At the centre of the story is the narrator Manon Gaudet a New Orleans girl who is married to the owner of a Louisiana sugar plantation. When he was courting her she thought he was mysterious and his aloofness due to his sensitivity. However she was soon to discover that she was married to a hideous monster, we never learn the Christian name of this racist bigot. The tension was heightened by the fact that they had no children of their own but her husband had a mad son, Walter whose mother was their slave girl Sarah and who lives as a member of the household. It is no wonder that Manon hates Sarah but at least she tries to escape slavery. Whereas all Manon seems to do is blame Sarah for all her problems, without trying to change things. Until this household drama extends into a bloody uprising of slave unrest causing Manon to gain her independence but only after a series of terrifying episodes.
I did not really warm to any of the main characters although I have extreme sympathy with them for the terrible way that the slaves were treated. Manon even annoyed me in a way as I felt she did not help her own misery by treating her slaves the way she did.
Slavery was diabolical and this story certainly makes that clear but it also reminds us that it was not just the slaves that were seen as ‘ Property’ but also the wives in those times!

Friday, October 16, 2009

The Guernsey Literary and Potato Peel Pie Society

Mary Ann Shaffer only discovered that the Germans occupied Guernsey during WWII while researching for another book in England. On a whim during this trip she made a visit to Guernsey and was fascinated by her brief glimpse and gave her the impetus to write this novel albeit it many years later. Sadly ill health meant she was never able to finish the book , but her niece Annie Barrows herself an author stepped in and finished the project, for which Mary Ann gives special thanks in her acknowledgements.
In her own words her intentions in writing this story were “If nothing else, I hope these characters and their story shed some light on the sufferings and strength of the people of the Channel Islands during the German Occupation. I hope, too, that my book will illuminate my belief that love of art-be it poetry, storytelling, painting, sculpture, or music-enables people to transcend any barrier man has yet devised”.

I think she has succeeded with her intentions and shown us what an impact the occupation had on the inhabitants of the Channel Islands. I was especially interested as I have a brother in law who was born in Guernsey just a few years after the end of WWII.

The novel is written in the form of letters from and to the protagonist Juliet Ashton, starting with her publisher and her best friend then by sheer chance a Guernsey islander, Dawsey Adams. They exchange letters and through a love of reading forge a friendship. Juliet is researching a subject for her next publication at this time and it is through Dawsey and other islanders he puts her in touch with that her ideas start to form. Eventually very much against the wishes of her beau Markham V. Reynolds she heads off to visit the island and her new found friends.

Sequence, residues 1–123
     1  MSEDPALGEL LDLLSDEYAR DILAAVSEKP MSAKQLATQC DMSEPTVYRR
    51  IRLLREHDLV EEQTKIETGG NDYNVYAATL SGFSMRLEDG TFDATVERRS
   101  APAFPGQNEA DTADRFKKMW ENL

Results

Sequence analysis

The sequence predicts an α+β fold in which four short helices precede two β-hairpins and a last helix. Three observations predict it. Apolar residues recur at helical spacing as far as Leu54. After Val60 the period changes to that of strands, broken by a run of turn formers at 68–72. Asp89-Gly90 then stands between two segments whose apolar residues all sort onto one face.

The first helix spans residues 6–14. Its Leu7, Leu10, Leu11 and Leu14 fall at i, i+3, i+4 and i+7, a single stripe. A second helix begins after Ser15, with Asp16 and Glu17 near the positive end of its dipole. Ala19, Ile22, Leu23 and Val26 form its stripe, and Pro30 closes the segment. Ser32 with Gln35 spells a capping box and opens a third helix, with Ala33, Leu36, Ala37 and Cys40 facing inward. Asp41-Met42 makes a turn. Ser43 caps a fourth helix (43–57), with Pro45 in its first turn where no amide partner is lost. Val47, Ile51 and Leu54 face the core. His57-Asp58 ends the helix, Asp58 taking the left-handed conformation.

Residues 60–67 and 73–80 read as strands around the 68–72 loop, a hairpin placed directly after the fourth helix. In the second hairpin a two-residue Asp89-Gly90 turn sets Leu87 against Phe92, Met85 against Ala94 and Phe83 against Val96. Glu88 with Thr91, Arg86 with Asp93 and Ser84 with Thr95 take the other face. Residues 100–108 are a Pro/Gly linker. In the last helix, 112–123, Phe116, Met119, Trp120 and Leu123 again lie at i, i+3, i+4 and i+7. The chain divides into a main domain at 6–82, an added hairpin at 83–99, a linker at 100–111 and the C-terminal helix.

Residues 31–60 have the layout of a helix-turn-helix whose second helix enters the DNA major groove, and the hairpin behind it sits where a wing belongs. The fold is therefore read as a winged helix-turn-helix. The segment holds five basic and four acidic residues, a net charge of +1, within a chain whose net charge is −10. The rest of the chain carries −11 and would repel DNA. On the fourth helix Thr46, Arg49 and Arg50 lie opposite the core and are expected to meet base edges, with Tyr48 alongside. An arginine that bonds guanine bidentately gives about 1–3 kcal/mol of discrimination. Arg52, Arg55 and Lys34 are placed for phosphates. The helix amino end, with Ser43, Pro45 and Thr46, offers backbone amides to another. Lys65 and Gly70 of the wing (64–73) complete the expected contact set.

The society of the title came into being as a literary society due to a group of neighbours being caught out after curfew by the occupying German soldiers during WWII. They had been enjoying a forbidden roast pig together and it was only quick thinking by one of the group that saved them from being arrested. On the spot she invented the literary society and invited the soldiers to drop in any time to discuss literature! The Potato Peel Pie part came about due to one of the group saying that if he had now had to attend society meetings regularly there needed to be refreshments provided. With a scant shortage of ingredients available Potato Peel Pie was invented, became a favourite and was added to the society’s name.

Recommended, but do not forget it is fiction!

Tuesday, October 13, 2009

These Foolish Things by Deborah Moggach

This novel was just what I needed a good laugh, not because I was miserable but the last novel I finished although excellent had very serious undertones. I needed a complete change of pace which this certainly supplied.

Ravi Kapoor a doctor in London is fed up with his somewhat repulsive and difficult father-in-law whom is currently living with him and his wife Pauline. He is living with them as he keeps getting thrown out of old peoples homes! No one wants him and Ravi wishes he was somewhere far away and therefore not his and his wife’s problem. When his cousin Sonny an entrepreneurial business man from Bangalore, India is in London on business he and Ravi come up with what they see as a brilliant plan. They set up a retirement home currently a run down guest house into a home for the more discerning customer. Of course Norman is the first customer to move in when the plans reach realisation and he is joined by the most wonderful cast of characters, other retirees, their grown up children, the staff of both ‘Dunroamin’ and a local call centre where some of the residents make friends with young Indians trying to pretend they live in England! We are gradually told the tales and secrets of the characters in classic Debroah Moggach style; somehow both funny and touching at the same time, the highs and lows of not just retiring to a residential home but one that is abroad.